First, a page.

Founded in October, a group of freshmen decided to start Hip-Hop Club – a place where students get together and experience the genre in an engaging way.
According to the Hip-Hop Club student organization page, the club was conceived as an ode to the hip-hop genre and now serves as a place for students to nurture their love for the genre by talking about different songs, artists and albums. .
Jacob Kogan, a first-year biology student and the club’s main leader, said the idea for the club came from listening to talk about the hip-hop genre, and he realized there could be have a place to feed the discussion.
Ben Walls, a freshman computer science student and treasurer of the Hip-Hop Club, said the club’s first meeting was a success and he looks forward to his plans for future meetings.
“We did a thing called the ‘battle vs.’ where we compared two very popular rappers – we did Kanye [West] against Kendrick [Lamar] — and it actually got pretty hot,” Walls said. “As for future encounters: versus battles, freestyle competitions, presentations on different subgenres, artists, albums.
Kogan said that in addition to his future plans, he hopes to use the club’s impact to do something bigger.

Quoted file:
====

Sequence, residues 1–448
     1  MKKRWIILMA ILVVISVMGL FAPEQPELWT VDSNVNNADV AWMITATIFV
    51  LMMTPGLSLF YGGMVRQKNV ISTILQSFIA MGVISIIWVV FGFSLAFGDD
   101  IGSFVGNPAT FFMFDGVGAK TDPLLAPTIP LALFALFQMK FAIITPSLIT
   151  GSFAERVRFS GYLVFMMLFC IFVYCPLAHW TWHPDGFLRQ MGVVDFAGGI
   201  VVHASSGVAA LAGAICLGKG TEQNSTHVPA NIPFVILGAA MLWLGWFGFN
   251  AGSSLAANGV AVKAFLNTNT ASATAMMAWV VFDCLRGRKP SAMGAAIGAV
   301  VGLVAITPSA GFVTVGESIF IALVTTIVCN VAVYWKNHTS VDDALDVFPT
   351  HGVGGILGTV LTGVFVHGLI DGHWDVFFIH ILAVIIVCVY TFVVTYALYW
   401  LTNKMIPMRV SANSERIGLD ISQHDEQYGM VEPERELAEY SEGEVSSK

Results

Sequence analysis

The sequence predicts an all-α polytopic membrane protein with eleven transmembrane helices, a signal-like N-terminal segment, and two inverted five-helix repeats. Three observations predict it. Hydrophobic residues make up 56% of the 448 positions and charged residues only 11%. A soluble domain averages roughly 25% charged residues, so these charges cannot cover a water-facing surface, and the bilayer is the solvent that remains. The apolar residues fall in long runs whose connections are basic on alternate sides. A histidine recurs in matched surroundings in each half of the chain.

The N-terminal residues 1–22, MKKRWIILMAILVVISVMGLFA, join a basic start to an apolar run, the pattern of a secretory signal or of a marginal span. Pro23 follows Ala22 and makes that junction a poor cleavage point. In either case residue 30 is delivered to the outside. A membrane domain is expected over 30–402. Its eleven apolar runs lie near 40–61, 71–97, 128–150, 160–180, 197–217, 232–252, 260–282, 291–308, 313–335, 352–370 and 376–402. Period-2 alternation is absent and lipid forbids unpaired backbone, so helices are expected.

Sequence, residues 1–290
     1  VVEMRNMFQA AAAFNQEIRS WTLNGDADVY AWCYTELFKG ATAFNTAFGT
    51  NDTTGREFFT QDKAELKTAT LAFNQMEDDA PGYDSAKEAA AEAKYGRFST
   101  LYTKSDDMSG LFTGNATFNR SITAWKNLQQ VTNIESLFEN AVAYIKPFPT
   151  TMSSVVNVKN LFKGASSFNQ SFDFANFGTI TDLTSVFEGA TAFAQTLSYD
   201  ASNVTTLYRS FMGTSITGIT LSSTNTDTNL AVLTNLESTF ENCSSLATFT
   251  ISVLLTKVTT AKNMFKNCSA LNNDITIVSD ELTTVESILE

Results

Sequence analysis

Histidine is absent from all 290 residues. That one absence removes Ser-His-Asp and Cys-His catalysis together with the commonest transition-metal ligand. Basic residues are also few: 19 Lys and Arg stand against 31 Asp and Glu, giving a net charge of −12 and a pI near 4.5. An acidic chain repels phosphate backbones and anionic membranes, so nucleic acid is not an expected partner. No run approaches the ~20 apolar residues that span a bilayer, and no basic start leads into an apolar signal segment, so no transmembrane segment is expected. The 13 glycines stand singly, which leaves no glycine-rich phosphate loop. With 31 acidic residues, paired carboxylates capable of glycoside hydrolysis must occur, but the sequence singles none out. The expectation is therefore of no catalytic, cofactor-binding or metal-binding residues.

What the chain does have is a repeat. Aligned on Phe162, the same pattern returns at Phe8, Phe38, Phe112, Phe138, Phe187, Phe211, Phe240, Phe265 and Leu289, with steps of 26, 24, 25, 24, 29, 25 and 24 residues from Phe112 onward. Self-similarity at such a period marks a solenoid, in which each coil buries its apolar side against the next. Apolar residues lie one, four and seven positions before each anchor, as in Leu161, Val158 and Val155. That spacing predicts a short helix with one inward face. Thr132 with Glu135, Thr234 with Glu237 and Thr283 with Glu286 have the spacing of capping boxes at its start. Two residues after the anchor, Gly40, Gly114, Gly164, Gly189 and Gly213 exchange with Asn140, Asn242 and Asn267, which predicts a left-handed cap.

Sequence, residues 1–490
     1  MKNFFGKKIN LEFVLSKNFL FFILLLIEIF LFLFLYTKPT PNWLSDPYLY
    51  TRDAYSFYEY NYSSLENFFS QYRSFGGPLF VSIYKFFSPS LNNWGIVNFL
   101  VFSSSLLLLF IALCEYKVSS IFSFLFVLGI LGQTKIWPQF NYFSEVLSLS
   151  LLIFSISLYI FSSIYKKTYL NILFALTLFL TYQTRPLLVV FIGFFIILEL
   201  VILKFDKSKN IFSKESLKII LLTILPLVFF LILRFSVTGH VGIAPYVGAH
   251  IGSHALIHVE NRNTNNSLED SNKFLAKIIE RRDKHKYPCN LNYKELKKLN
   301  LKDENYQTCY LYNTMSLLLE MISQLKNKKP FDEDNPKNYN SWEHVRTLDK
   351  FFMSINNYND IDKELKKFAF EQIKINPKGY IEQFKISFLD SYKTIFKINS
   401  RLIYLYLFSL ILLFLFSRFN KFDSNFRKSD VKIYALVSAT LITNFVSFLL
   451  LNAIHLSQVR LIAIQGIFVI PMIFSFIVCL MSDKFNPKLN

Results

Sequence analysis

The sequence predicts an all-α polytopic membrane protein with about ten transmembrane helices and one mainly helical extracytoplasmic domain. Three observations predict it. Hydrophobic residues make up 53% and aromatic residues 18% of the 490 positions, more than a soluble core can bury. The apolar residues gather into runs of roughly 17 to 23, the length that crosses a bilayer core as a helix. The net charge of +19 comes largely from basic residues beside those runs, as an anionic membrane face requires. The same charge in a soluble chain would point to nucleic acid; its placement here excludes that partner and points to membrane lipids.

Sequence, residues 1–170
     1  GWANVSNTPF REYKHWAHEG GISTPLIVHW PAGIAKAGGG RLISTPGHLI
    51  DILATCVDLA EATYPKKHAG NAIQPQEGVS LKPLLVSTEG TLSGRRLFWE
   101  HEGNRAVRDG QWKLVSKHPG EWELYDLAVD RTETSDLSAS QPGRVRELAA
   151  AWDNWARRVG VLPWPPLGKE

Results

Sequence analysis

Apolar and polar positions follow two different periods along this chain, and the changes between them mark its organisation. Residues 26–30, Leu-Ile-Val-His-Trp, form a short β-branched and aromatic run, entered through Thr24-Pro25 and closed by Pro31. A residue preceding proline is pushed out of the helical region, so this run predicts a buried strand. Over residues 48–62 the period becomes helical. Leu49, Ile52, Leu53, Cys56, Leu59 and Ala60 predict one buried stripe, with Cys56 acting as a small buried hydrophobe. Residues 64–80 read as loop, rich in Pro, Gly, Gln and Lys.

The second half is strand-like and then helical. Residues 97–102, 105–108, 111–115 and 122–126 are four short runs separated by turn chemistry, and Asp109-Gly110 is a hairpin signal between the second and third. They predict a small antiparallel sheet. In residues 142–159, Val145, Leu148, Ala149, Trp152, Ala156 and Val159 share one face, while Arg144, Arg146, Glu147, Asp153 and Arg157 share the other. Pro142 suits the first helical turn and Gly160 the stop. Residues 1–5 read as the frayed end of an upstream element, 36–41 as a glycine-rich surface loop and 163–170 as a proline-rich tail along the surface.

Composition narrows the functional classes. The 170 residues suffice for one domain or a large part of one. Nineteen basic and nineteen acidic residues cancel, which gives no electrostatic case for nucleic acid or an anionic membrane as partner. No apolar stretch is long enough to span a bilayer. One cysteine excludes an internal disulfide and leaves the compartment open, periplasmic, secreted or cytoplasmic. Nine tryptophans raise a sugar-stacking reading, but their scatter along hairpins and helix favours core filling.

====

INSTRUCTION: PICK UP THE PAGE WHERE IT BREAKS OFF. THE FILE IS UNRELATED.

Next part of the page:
“Going forward when the club starts to grow, obviously we’re just at the beginning, but we want to start raising money for this non-profit organization called Hip Hop For Change,” said Kogan. “It kind of breaks down the barriers of social justice between underrepresented and historically marginalized communities. So he’s breaking down those barriers using hip-hop as a vehicle.
Kogan said joining the club doesn’t require any prior musical knowledge, as the people who came to the first meeting all had different hip-hop backgrounds – some with a lot of knowledge and some with less.
“There were some, like one of the members — and he ended up being the judge of our battle against — had never heard a Kanye song or a Kendrick Lamar song,” Kogan said. “You don’t need any experience, anyone can come and you’ll enjoy it.”
Walls said he wants people to know the deeper meaning of what hip-hop really is and hopes people consider joining the club to learn more about it. He said some might view all rap as aggressive or violent, but might enjoy other subgenres if exposed to them through the Hip-Hop Club.
Since the idea for the club was made in the middle of the semester, Walls said the founders planned to wait until the spring semester to start it, but were all so eager to create and grow a community that they have decided to start right away.
“We were going to, like, push back the spring semester and just, like, start it then when we could do the implication fair,” Walls said. “We realized that we wanted to start as soon as possible and get going, even though we only had seven people when we first met.”
Kogan said club management is still working out a concrete schedule and updates on future meetings are usually sent out within the club’s GroupMe.
“For anyone who wants to join, everything, all information is sent through our GroupMe,” Kogan said. “All of our information, where the meetings are, like all the updates on the meetings we’re going to do, in the future, etc., is all in GroupMe.”